Today Governor Patrick signed the Alimony Reform Act into law. The new law, which will take effect in March of 2012, places much-needed duration limits upon alimony awards in Massachusetts. If you are currently paying or receiving an alimony award, the new law may have an impact on your case. Contact a local family law attorney to see how the new law may help you.
Salvucci Harris, LLC Blog
I often notice during my initial meetings with clients that they expect me to be a "yes (wo)man."
Although our court system is based upon an adversarial process, pitting one side against the other, it is important for litigants and attorneys alike to remind themselves that we do not have to become adversaries. For attorneys, it is possible to zealously advocate for our clients while also behaving in a professional and ethical manner in our interactions with the opposing party. Litigants, whether it is a divorcing couple or two business owners fighting over a bill, can still act civilly...
After being unanimously passed by the House on July 20, 2011, the much awaitedAlimony Reform Act of 2011 wasunanimously passed by the Senate today, July 28, 2011. The bill now awaits Governor Patrick's signature before it becomes effective. It is expected that the new law will take effect in March of 2012. If you are currently paying or receiving an alimony award, you should consult with an experienced family law attorney to see how this new law may impact you.
When I first wrote about the potential for alimony reform in Massachusetts, it seemed as though we were about to see some changes to our antiquated alimony laws. That was more than a year ago (http://www.bostonherald.com/business/womens/general/view.bg?articleid=1235550) and, subsequently, pending legislation was stalledby intense battles over the nature of what the reform should be between activists, legislators and family law attorneys.With the filing of a new bill,the Alimony Reform Act of...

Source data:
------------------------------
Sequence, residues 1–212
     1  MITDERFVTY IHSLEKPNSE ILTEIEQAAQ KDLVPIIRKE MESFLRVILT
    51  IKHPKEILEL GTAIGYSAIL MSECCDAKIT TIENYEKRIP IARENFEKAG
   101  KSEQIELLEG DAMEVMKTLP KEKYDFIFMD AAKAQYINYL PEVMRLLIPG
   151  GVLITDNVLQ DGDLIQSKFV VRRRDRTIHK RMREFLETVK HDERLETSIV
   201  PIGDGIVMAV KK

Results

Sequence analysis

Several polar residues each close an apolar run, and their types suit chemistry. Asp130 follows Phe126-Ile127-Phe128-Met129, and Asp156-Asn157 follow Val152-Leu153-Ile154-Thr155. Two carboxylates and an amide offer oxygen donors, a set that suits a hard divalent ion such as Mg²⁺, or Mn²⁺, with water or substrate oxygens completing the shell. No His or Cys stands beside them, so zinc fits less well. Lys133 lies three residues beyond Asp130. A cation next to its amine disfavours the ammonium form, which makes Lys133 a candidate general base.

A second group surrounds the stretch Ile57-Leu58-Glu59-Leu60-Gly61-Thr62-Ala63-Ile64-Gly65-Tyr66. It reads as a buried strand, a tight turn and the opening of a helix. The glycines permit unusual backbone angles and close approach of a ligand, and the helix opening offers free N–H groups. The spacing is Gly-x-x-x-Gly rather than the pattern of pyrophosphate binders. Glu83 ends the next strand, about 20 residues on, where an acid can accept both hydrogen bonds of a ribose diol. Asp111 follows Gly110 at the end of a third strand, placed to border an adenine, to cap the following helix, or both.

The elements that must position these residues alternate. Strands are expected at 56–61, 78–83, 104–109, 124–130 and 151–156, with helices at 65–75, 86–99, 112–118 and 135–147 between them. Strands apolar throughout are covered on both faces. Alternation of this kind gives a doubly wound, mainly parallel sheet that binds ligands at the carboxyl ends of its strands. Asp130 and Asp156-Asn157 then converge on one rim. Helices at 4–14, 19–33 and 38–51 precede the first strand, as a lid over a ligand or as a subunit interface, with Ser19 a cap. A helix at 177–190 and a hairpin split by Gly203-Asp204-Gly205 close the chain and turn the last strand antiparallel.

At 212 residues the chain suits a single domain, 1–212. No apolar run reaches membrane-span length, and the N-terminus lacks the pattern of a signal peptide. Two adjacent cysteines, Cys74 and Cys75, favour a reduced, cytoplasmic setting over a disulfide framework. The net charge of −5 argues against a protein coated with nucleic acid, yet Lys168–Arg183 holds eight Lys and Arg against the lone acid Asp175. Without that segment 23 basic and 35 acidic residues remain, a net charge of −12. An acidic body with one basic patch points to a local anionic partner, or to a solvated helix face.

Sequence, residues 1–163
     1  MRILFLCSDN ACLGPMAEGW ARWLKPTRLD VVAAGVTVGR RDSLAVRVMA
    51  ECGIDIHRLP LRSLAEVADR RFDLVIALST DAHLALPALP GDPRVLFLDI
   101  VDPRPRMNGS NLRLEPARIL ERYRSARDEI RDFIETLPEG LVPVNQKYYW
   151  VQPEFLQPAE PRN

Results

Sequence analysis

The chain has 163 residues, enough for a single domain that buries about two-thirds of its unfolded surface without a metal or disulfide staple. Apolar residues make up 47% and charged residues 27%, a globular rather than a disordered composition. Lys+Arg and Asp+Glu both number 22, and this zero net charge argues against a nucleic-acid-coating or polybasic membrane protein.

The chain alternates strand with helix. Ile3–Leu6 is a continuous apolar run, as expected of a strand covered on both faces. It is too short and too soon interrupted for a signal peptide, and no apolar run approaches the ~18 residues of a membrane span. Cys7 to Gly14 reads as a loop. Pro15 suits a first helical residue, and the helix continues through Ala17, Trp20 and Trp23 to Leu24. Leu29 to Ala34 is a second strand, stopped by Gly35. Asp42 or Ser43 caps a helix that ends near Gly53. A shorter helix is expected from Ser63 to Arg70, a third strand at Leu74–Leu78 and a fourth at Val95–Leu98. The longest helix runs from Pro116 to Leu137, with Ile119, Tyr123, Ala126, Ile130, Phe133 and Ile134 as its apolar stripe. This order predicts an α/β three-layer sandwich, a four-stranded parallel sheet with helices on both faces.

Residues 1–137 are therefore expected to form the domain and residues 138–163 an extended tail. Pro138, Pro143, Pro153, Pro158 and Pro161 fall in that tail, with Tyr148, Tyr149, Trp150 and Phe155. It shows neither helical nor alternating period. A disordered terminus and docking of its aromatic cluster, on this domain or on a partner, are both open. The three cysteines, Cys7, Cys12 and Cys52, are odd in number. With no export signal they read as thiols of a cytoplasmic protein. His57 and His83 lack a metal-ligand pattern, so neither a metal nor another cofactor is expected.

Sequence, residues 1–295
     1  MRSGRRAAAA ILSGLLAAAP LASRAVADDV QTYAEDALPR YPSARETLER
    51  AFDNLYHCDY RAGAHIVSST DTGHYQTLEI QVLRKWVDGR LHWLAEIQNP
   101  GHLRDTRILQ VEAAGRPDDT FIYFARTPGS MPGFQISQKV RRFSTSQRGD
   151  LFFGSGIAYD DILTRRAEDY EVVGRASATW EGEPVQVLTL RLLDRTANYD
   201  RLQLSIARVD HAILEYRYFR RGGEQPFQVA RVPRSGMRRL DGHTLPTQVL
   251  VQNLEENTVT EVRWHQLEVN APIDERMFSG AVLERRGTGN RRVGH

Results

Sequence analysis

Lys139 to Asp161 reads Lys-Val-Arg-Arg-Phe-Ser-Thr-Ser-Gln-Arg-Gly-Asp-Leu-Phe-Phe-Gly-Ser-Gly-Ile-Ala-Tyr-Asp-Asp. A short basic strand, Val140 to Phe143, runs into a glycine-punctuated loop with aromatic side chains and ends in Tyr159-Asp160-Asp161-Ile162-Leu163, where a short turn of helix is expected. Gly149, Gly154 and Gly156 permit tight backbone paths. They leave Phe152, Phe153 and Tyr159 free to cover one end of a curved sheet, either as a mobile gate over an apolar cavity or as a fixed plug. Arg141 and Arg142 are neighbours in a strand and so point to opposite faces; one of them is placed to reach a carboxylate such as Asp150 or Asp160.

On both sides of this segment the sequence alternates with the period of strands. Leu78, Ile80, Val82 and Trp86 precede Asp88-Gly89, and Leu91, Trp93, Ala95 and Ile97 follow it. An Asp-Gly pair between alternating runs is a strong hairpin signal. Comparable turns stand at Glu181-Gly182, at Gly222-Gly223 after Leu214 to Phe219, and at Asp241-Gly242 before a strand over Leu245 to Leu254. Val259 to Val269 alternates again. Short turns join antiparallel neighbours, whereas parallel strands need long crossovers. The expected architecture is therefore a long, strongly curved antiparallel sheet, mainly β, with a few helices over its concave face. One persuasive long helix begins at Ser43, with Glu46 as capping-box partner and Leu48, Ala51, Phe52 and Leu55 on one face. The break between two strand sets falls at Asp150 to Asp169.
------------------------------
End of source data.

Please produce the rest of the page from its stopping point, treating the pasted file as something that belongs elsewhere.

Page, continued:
If the police pull you over on suspicion of drunk driving, do you have to take a breathalyzer or perform field sobriety tests?
The short answer is no, you are not required to take a breathalyzer test or perform field sobriety tests if you are pulled over by the police on suspicion of drunk driving. The only thing that you must do is give the officer your license and registration when asked. Your refusal to perform field sobriety tests or to take a breathalyzer test cannot be used as evidence against you during your trial, but there are otherconsequences if you refuse to perform these tests. Some factors to think...
In these challenging economic times, businesses are facing more legalproblems than ever. In order to protect your business and its assets, it is important that you take immediate and proper action when served with a summons and complaint. Delaying or ignoring the problem will wind up being costly and detrimental to your business in the long run. Here are a few tips on steps to takeafter you have been served with a lawsuit.